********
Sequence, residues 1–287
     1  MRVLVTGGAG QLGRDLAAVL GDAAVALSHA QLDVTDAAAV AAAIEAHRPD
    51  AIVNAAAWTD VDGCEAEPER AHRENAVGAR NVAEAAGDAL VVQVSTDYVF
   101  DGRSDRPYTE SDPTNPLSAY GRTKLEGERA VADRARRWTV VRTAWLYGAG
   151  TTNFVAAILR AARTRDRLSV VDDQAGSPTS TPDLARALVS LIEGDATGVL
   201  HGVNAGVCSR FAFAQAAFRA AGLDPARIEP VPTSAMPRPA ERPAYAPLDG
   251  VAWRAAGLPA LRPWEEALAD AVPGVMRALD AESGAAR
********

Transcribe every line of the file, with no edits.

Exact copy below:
Sequence, residues 1–287
     1  MRVLVTGGAG QLGRDLAAVL GDAAVALSHA QLDVTDAAAV AAAIEAHRPD
    51  AIVNAAAWTD VDGCEAEPER AHRENAVGAR NVAEAAGDAL VVQVSTDYVF
   101  DGRSDRPYTE SDPTNPLSAY GRTKLEGERA VADRARRWTV VRTAWLYGAG
   151  TTNFVAAILR AARTRDRLSV VDDQAGSPTS TPDLARALVS LIEGDATGVL
   201  HGVNAGVCSR FAFAQAAFRA AGLDPARIEP VPTSAMPRPA ERPAYAPLDG
   251  VAWRAAGLPA LRPWEEALAD AVPGVMRALD AESGAAR